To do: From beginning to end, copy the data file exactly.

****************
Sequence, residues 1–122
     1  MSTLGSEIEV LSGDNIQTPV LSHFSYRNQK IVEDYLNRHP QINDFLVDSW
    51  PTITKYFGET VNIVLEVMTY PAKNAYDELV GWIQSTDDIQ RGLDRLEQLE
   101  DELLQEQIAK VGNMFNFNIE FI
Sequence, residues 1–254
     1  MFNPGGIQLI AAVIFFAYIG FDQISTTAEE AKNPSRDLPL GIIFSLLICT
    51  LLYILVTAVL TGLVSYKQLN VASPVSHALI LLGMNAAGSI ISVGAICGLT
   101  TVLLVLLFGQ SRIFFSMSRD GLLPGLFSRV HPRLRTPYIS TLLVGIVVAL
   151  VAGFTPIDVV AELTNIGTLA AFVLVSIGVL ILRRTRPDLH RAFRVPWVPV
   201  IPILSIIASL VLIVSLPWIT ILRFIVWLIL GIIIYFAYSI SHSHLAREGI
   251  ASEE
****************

Sequence, residues 1–122
     1  MSTLGSEIEV LSGDNIQTPV LSHFSYRNQK IVEDYLNRHP QINDFLVDSW
    51  PTITKYFGET VNIVLEVMTY PAKNAYDELV GWIQSTDDIQ RGLDRLEQLE
   101  DELLQEQIAK VGNMFNFNIE FI
Sequence, residues 1–254
     1  MFNPGGIQLI AAVIFFAYIG FDQISTTAEE AKNPSRDLPL GIIFSLLICT
    51  LLYILVTAVL TGLVSYKQLN VASPVSHALI LLGMNAAGSI ISVGAICGLT
   101  TVLLVLLFGQ SRIFFSMSRD GLLPGLFSRV HPRLRTPYIS TLLVGIVVAL
   151  VAGFTPIDVV AELTNIGTLA AFVLVSIGVL ILRRTRPDLH RAFRVPWVPV
   201  IPILSIIASL VLIVSLPWIT ILRFIVWLIL GIIIYFAYSI SHSHLAREGI
   251  ASEE